In what way does your book help us imagine new worlds?
My book is about imagining new worlds through the literary words we might generate to dream and realize it. This is an old idea. Storytelling the world to renew it is an ancient practice engaged in many civilizations. Throughout our sorry modern history of human violence, it is stirring words, usually of a single person, that remind us of who we are deep down inside: fragile, failed vulnerable creatures we feel ourselves to be. The literary and creative arts, I argue through all my work, can teach us to imagine new visions and vocabularies of felt existence. I know it can because the art of creation teaches me all that I know. I learn to speak with Toni Morrison’s words, see with John Berger’s piercing vision, hear with Ilya Kaminsky’s inner voice, learn to live with fictional characters in novels. We massively read some novelists and witness their luminous vocabulary take over the lexicon, initiate a counter-culture, become part of a new way of inhabiting yourself and being with others. From this quality of being altered by literature, we speak, see, hear, relearn our minds, again in a community of others with nothing and everything in common, and we are not the same. The way to reimagine the world is to regrow our children with regenerating stories as J.M. Coetzee does, and to teach our children to read the world through a literary and poetic frame to open their mind. Now more than ever the world’s people need to take a day off, or a month or a year, (and as I revise my thoughts, right now we presently are being forced to do so) and read and speak to each other about our insights. This would be a radical social and political humanizing act for me: to collectively read to and of each other. Riffing off the words of the great poet Audre Lorde in lifelong literary conversation with her friend Adrienne Rich: Reading poetry is not a luxury, Lorde insists—our lives depend on it Rich admits. We cannot afford to succumb to the mean, dumb, brute hyper-masculinist, racist violence, fascist violence, of our time. To renew sustained faith in the literary, in poetry, storytelling, and literature is increasingly a radical pedagogical act. None of us can afford not to read, to use this new and re-found knowledge to imagine dream, think, engage, act in and renew the world . We need a deeply affecting education that sustains us to re-find to retell our humanity, and we need it now.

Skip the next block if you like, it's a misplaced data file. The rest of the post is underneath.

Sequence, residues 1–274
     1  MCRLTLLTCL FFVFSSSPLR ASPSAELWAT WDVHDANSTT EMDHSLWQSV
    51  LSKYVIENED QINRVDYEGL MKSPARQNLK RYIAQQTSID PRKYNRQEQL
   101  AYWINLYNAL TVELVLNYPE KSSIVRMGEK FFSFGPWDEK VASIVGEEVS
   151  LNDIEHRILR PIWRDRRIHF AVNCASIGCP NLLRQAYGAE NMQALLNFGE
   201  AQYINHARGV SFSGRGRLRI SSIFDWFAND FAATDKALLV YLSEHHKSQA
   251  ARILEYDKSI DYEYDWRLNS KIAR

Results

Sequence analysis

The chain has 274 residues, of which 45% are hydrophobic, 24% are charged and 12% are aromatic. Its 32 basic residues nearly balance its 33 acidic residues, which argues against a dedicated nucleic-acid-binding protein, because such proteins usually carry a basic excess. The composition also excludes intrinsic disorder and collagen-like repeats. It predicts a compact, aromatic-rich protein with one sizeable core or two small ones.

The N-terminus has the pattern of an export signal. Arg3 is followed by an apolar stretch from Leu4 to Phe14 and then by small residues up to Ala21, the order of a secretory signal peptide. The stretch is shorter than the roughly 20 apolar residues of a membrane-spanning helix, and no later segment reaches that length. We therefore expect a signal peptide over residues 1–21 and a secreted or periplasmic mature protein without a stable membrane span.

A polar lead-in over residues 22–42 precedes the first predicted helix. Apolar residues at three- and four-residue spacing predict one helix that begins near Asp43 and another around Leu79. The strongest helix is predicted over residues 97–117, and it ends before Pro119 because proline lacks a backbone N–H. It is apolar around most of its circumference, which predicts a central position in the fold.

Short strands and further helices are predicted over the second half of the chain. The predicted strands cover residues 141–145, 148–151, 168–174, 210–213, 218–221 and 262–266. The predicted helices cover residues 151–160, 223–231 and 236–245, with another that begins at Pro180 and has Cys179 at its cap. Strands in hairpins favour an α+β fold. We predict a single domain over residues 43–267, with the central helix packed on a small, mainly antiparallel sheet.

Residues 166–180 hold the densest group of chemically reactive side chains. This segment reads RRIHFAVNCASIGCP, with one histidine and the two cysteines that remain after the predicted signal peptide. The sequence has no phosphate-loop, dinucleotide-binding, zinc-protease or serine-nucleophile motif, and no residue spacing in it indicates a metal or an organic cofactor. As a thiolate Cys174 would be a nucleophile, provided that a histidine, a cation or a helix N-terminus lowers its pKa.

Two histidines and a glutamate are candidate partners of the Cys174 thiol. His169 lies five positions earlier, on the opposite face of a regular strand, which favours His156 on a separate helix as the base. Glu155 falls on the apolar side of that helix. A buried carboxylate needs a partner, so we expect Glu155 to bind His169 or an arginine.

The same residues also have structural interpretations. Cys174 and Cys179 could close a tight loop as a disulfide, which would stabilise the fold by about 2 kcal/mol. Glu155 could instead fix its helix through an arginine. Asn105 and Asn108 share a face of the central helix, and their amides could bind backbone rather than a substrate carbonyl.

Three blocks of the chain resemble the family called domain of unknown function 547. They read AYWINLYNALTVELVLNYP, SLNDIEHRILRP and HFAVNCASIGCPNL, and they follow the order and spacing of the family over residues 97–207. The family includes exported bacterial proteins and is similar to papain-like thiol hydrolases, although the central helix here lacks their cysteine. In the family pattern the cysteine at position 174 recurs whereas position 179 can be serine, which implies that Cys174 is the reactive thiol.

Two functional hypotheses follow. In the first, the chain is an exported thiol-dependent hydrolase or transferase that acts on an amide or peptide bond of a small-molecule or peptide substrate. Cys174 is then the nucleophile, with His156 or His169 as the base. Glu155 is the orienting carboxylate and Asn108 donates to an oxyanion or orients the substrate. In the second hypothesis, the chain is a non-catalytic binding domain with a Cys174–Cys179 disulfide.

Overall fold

Roberto Sirvent is Professor of Political and Social Ethics at Hope International University in Fullerton, CA, and an Affiliate Scholar at Yale University’s Interdisciplinary Center for Bioethics, where he directs the Race, Bioethics, and Public Health Project. He is co-author, with fellow BAR contributor Danny Haiphong, of the book, American Exceptionalism and American Innocence: A People’s History of Fake News—From the Revolutionary War to the War on Terror.